Schools across the Chesapeake Bay watershed continue progress towards environmental literacy goals
More school districts feel “well prepared” to put a comprehensive and systemic approach to environmental literacy in place
According to the most recent updates to the Chesapeake Bay Program’s Environmental Literacy Planning and Student outcomes, our partners continue to make progress towards meeting the environmental education goals under the Chesapeake Bay Watershed Agreement.
The two education outcomes are measured using the Chesapeake Bay Program’s Environmental Literacy Indicator Tool (ELIT). The ELIT is administered every two years as an electronic survey. Participation is voluntary and data collection is targeted to only public-school districts. The National Oceanic and Atmospheric Administration’s Chesapeake Bay Office organized data collection in 2019, and representatives from state boards of education in Delaware, Maryland, Pennsylvania, Virginia and West Virginia, along with the District of Columbia, distributed the survey to local education agencies within their jurisdiction.
The Environmental Literacy Planning outcome calls for each of the participating watershed jurisdictions (Delaware, the District of Columbia, Maryland, Pennsylvania, Virginia and West Virginia) to develop a comprehensive and systemic approach to environmental literacy for all students in the region.
The ELIT shows that since 2015, school districts in the watershed have become more prepared to develop a comprehensive and systemic approach to environmental literacy. For example, the percent of school districts that assessed themselves as being “well-prepared” rose from 22% in 2017 to 27% in 2019. Even more promising, data collected from participating local education agencies over the past three years indicate a steady increase (about 3-4%) in the preparedness of school districts.
The ELIT also helps track progress toward the Student goal, which calls to continually increase students’ age-appropriate understanding of the watershed through participation in teacher-supported Meaningful Watershed Educational Experiences (MWEEs) and rigorous, inquiry-based instruction. The Student goal aims for at least one MWEE in elementary, middle and high school depending on available resources.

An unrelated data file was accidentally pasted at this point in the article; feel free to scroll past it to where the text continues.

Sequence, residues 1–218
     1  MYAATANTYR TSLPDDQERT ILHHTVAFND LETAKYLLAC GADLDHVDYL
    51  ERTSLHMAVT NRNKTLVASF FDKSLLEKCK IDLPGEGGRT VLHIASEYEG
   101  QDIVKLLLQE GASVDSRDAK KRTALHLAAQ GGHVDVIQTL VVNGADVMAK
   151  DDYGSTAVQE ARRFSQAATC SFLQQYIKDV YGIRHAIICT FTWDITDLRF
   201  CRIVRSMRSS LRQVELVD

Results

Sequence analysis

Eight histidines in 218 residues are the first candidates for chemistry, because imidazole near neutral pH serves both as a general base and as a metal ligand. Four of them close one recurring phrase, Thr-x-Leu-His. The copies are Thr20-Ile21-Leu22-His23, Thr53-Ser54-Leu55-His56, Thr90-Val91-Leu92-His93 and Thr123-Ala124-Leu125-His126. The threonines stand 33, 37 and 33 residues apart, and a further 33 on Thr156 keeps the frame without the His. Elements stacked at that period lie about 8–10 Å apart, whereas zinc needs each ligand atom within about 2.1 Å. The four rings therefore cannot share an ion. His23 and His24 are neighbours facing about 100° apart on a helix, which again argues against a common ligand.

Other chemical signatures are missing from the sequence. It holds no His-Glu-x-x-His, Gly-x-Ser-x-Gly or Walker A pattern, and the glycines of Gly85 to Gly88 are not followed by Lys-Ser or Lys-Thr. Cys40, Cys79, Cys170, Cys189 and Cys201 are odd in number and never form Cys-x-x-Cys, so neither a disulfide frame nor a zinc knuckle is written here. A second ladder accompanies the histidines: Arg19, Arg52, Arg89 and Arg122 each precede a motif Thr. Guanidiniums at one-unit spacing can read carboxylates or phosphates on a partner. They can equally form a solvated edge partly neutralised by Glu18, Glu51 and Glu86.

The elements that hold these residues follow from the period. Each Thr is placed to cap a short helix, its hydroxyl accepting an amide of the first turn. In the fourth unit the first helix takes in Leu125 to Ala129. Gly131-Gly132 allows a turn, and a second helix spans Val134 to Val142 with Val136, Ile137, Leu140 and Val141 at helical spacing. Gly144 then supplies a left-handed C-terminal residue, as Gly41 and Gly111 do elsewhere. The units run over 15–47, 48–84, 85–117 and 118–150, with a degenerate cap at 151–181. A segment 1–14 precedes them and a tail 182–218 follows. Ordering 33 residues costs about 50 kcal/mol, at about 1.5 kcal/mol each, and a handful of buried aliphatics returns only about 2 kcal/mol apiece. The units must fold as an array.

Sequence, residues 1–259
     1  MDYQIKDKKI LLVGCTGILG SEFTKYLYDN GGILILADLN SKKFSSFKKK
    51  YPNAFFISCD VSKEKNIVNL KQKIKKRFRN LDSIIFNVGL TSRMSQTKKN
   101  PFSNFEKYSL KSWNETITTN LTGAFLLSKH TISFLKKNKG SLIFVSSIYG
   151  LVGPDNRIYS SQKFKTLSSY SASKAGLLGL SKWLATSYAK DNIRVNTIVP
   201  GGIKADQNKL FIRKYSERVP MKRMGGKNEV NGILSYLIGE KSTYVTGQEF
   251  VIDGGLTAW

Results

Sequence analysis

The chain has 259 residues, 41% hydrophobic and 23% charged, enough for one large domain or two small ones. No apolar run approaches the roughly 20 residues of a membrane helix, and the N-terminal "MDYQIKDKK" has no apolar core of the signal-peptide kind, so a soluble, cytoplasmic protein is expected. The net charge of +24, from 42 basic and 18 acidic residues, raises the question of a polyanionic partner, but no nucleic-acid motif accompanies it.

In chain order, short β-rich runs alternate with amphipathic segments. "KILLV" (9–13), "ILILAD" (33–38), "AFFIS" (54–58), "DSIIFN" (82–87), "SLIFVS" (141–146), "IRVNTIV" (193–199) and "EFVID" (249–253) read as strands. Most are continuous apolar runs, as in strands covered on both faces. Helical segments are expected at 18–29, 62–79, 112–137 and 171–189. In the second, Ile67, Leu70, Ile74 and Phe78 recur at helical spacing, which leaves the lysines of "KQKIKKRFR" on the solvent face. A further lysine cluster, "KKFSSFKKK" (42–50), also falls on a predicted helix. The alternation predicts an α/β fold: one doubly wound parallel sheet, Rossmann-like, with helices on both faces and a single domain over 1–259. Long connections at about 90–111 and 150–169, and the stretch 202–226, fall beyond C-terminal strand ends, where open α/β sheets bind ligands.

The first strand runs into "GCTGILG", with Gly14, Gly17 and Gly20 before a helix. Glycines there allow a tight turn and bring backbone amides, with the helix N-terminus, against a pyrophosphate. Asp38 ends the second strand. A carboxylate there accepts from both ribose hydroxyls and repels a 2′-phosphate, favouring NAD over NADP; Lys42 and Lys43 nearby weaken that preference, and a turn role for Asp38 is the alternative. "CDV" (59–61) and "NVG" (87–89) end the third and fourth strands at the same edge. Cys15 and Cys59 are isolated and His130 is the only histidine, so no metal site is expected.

After elementary school grades showed a slight increase in 2017, data collected through the ELIT in 2019 showed that the proportion of districts with system wide MWEEs have reverted to levels on par with 2015. Middle school grades show a slight decrease in the proportion of districts with system-wide MWEEs from 2017 and 2015. However, high school grades show a slight increase in system-wide MWEEs, after remaining fairly stable from 2015 to 2017.
While 45% of local education agencies in the Chesapeake Bay watershed did not respond to the ELIT, those districts that did respond represent 63% of the public elementary, middle and high school students that reside inside the watershed.
Maryland (home to 24 school districts in the watershed) and the District of Columbia (home to one school district in the watershed) saw 100% response rates. Virginia (home to 94 school districts in the watershed) saw an 81% response rate. Delaware (home to 16 school districts in the watershed) saw a 44% response rate. Pennsylvania (home to 499 school districts in the watershed) saw a 29% response rate. West Virginia (home to 55 school districts in the watershed) saw a 7% response rate.
Local education agencies and state departments of education play critical roles in supporting, developing and implementing in-school environmental literacy programs. The Chesapeake Bay Program’s Education Workgroup connects natural resource agencies, nongovernmental organizations, businesses, colleges, and scientific and professional experts to help education agencies develop and deliver programs that impact environmental instruction in the classroom and the field. A concerted effort toward environmental literacy and education will form the foundation towards informed and active environmental stewards.
Footnote: *The 2019 reported data for Pennsylvania and Virginia include a small subset of data that was gathered in the 2017 survey period. The exact same survey tool was used in the 2019 survey and data from 2017 was only carried forward if a district did not respond to the 2019 survey. Delaware did not participate in the 2019 survey and the data reflects their 2017 responses. New York does not currently collect ELIT data.
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